Transport Secretary Grant Shapps has put the expansion of the smart motorway network on hold, following high numbers of road deaths and reports of ‘near misses’.
The rollout will be halted until the government has concluded a review, first announced in October 2019. This followed concerns about drivers who break down in live lanes with no hard shoulder.
“For me, we must make them at least as safe, if not safer, otherwise they cannot continue,” said Shapps.
“Any death on our roads is one too many, and our deepest sympathies remain with the family and friends of those who lost their lives,” a Highways England spokesperson said in a statement.
“The Transport Secretary has asked the Department for Transport to carry out, at pace, an evidence stock-take to gather the facts about smart motorway safety. We are committed to safety and are supporting the department in its work on this.”
It’s been a bad couple of weeks for smart motorways. Damning figures related to motorway deaths and near-misses, related to ‘all-lanes-running’ sections have drummed up a media furore. In total, 38 people have been killed on smart motorways in the past five years. An increase in near-misses of 2,000 percent was also reported on a section of the M25.
A group of MPs, led by the ex-minister who signed off smart motorway expansion, then published a damning report on the programme. Sir Mike Penning revealed that he wasn’t privy to the plan to extend the 600-metre distance between refuge areas – used for the trial-run on the M42 – to 2,500 metres.
“I feel I was totally misled,” said Penning. “They are endangering people’s lives. People are being killed and seriously injured on these roads, and it should never have happened.”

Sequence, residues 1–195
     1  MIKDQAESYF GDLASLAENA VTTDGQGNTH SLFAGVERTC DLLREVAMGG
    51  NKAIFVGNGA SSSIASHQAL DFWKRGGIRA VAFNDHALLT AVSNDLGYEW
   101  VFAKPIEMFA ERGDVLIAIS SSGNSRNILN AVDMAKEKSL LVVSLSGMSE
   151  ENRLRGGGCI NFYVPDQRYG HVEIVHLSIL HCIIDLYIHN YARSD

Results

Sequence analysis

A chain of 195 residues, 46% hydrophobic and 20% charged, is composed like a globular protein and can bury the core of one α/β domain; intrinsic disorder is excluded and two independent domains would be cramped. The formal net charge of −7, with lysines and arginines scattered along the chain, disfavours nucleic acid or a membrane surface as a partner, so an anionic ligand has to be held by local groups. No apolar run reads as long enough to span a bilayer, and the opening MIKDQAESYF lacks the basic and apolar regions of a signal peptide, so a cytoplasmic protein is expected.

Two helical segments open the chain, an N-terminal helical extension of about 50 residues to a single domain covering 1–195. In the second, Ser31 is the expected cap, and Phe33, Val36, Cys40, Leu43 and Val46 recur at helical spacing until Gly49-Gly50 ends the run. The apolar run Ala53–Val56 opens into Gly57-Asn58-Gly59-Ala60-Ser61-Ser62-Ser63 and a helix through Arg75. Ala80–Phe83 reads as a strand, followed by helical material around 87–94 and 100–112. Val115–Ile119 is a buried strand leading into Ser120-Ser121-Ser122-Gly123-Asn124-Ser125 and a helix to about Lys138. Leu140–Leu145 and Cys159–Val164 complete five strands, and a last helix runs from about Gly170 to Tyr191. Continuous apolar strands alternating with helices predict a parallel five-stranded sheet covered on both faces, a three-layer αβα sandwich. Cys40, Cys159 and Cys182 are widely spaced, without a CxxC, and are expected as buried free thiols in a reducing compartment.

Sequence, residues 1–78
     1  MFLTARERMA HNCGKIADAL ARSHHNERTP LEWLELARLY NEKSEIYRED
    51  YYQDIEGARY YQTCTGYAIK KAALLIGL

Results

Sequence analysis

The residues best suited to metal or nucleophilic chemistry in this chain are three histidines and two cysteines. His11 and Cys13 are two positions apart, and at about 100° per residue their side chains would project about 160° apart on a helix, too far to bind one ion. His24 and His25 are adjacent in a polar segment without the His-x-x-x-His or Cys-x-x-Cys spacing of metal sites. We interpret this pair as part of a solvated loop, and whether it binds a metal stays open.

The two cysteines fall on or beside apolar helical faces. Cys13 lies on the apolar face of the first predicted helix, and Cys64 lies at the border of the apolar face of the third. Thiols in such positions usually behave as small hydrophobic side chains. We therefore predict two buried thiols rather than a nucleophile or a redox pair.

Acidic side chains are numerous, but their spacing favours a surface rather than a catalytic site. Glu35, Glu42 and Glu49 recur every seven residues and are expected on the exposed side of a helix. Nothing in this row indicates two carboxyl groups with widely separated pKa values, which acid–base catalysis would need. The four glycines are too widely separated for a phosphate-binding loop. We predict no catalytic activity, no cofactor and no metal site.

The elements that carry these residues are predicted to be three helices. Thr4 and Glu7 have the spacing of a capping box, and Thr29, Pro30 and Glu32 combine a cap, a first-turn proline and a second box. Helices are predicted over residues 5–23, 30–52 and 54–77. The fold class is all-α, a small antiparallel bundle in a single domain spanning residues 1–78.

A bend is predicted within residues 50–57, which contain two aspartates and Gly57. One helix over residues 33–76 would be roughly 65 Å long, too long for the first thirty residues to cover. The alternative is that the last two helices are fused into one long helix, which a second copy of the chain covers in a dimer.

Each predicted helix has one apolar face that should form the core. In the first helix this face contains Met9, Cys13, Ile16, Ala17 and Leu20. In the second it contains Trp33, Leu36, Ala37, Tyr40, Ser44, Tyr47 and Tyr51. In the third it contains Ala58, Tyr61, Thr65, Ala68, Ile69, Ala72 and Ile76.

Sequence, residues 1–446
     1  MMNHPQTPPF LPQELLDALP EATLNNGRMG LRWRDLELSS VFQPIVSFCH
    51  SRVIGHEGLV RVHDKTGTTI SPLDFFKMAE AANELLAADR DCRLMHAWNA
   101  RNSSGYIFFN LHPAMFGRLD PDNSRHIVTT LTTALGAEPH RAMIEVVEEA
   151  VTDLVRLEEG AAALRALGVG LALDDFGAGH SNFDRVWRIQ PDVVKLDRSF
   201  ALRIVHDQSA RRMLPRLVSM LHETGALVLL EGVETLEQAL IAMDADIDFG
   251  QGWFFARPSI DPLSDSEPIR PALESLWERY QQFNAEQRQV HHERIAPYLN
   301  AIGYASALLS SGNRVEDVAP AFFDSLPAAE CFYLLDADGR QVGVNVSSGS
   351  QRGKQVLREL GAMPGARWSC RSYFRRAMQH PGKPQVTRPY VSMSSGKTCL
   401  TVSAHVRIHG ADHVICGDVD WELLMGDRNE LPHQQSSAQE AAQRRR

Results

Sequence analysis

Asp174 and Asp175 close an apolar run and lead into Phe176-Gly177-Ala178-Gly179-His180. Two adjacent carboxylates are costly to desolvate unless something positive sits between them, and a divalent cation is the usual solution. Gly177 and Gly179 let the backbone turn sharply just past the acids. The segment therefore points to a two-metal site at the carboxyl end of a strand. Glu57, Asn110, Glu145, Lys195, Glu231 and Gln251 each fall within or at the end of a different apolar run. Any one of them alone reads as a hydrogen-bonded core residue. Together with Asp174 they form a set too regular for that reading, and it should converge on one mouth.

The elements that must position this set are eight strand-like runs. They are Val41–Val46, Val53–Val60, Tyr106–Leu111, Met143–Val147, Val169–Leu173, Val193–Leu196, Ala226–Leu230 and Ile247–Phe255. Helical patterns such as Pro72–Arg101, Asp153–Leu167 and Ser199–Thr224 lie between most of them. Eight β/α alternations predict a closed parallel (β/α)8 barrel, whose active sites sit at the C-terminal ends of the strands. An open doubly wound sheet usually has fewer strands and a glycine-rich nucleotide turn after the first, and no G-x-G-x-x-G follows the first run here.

Smart motorway rollout halted: the RAC reacts
“The fundamental issues of SOS area spacing and stopped vehicle detection, raised four years ago, remain,” said RAC head of roads policy, Nicholas Lyes.
“We very much hope the current review results in some meaningful changes that give drivers confidence in all aspects of safety on smart motorways. The type of smart motorways that have been built in recent years differ enormously from those from those that were first introduced in England. On today’s ‘all-lanes-running’ smart motorways, hard shoulders have been permanently removed and SOS areas are spaced much further apart.”
“Short of reintroducing the hard shoulder, the introduction of the latest radar technology to detect stationary vehicles automatically, together with many more SOS areas and a large-scale public information campaign, should help make drivers feel more confident in the safety of the UK’s motorway network.
“A rethink in the design of smart motorways is clearly needed to bring consistency, reduce risks in breakdowns, and turn around plummeting public confidence. As it stands, we are not convinced that the current ‘all-lanes-running’ design is working and have reservations as to whether it should be the de facto standard going forward.”